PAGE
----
In fact, such are the similarities that when Hello Kitty introduced a rabbit character named Cathy, Bruna’s representatives sued Sanrio, the company behind Hello Kitty, for copyright infringement. Miffy won the lawsuit, Hello Kitty appealed, and the case was eventually settled out of court. But I love the idea of two of the world’s cutesiest characters in a Grisham-esque legal showdown.

Miffy was born in 1955; that, in fact, is the original storyline. Mr Rabbit likes gardening and Mrs Rabbit cooks and cleans. She also does the shopping – peas, beans and cabbages mostly, although “once she bought a juicy pear, as a special treat”. These rabbits clearly know how to have fun, though not too much, since Mrs Rabbit wants a baby but seems not to know how to get one.

One night there was a tap on the window. Mrs Rabbit peeped through the curtains. Outside stood a little cherub. “Your wish is granted,” it said. “A baby rabbit is on its way to you.” The cherub flapped its wings and flew off into the sky. The rabbits were very excited. The baby was born soon afterwards. They called her Miffy.

This is the word of the Dick. Amen.

Or something like that. It’s peculiarly biblical, and gives a strange new meaning to the phrase “breeding like rabbits”. Anyway, this is the genesis of a series of 32 books and a franchise that evolved into television and merchandise and Dick knows what else.

Some of the stories, particularly those written as rhymes, can be a little clunky when translated, but that is to be expected. The drawings always remain simple, though it took a deceptive amount of skill for Bruna to convey Miffy’s emotions with only two dots for eyes and an x for a mouth. The simplicity was deliberate; in creating Miffy, Bruna was targeting children, not parents.

And for that reason, in 1996 he decided to address what was often a normal childhood experience: the death of a grandparent. The cover of Dear Grandma Bunny shows Miffy in front of a gravestone, and the book deals in very straightforward terms with the death of Miffy’s grandmother – open casket and all. After Miffy’s virgin birth, death was treated more realistically.

Now, two decades later, Dick Bruna himself has died. Hendrik Magdalenus Bruna, the man behind Nijntje, or Miffy. And the man with the finest moustache in children’s literature. 

Friday, March 24, 2017

Princess Smartypants
by Babette Cole

After Babette Cole died in January, The Guardian summed up her career rather well: “She created books on the kinds of disgusting topics that children love and adults mostly do not, and then, emboldened by their success, she went on to more controversial subjects, partly because she liked to shock and partly because she felt she had a duty to make sure children were properly informed.”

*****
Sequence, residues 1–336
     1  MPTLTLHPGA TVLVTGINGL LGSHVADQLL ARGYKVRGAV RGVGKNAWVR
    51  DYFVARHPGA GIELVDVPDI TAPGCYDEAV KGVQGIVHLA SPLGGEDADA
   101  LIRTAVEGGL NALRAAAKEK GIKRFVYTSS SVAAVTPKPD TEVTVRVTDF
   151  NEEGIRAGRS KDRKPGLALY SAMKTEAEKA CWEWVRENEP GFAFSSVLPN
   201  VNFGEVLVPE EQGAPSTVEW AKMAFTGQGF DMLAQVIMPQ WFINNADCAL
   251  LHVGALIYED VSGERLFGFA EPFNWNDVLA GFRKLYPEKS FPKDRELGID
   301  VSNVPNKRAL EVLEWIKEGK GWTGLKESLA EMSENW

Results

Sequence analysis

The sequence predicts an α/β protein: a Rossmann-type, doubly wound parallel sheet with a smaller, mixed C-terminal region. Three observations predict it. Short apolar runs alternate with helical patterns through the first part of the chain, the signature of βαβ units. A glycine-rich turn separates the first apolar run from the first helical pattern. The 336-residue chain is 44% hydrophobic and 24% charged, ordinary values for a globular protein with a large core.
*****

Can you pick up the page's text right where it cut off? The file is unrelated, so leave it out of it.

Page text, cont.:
Her publisher summed her up even more succinctly: “She was as mad as a box of frogs”.

Her most famous book is probably Princess Smartypants, a reimagining of the traditional fairytale in which the helpless princess is whisked off her feet by her prince charming. But in Babette Cole’s version, the princess is a fiercely independent woman who is pressured by her parents, the king and the queen, into finding a man. Her attitude is clear from the first line of the book:

Princess Smartypants did not want to get married. She enjoyed being a Ms.

And so, to humour her parents, the princess sets various seemingly impossible tasks for her suitors. One by one they fail, until the princess is left alone in her castle to carry on happily on her own. But then Prince Swashubuckle turns up, unexpectedly completes all her various challenges, and thinks he has won her heart. Instead, her kiss turns him into a warty toad and the princess lives happily ever after. Prince Swashbuckle presumably gets turned off women forever – human ones, at least.

Not much about Princess Smartypants is subtle. It does not have a feminist undertone, rather a feminist monotone. The main character is spoilt, selfish and mean. Poor Prince Swashbuckle was only trying to be kind, and she turned him into a toad. And yet, is any of that a problem? Probably not. Sometimes a good bashing over the head is necessary to get the message across.

It is worth noting that this book was written in 1986; 25 years later Australia had a female prime minister who was castigated for being “deliberately barren”, and a further five years down the track the USA has a president who says of women “grab them by the pussy”. So, yeah, still a fair way to go on the whole equality thing.

What is most fascinating – though not surprising – is the way that much of Babette Cole’s work divides opinion. A sample of Goodreads reader reviews of Princess Smartypants gives you the idea:

"Not only is it funny and cute, it  teaches children that no matter what, they don't have to compromise their boundaries and they don't have to conform to society's expectations." (From a 5-star review)

"From the lowbrow names of "Prince Pelvis, Swimbladder, Boneshaker, Grovel etc. and the overall disrespectful, non-familial attitudes to the man-hating, lying, deal breaking princess this book was feminist rubbish from top to bottom." (From a 1-star review)

"...great sense of humor and a beautiful message about being yourself and standing up for what you believe is right." (From a 5-star revew)

"This book seems to be telling girls that they would be better off without a husband and family. Definitely not the message I want to share with my little girls." (From a 1-star review).

And this from a more measured 3-star review: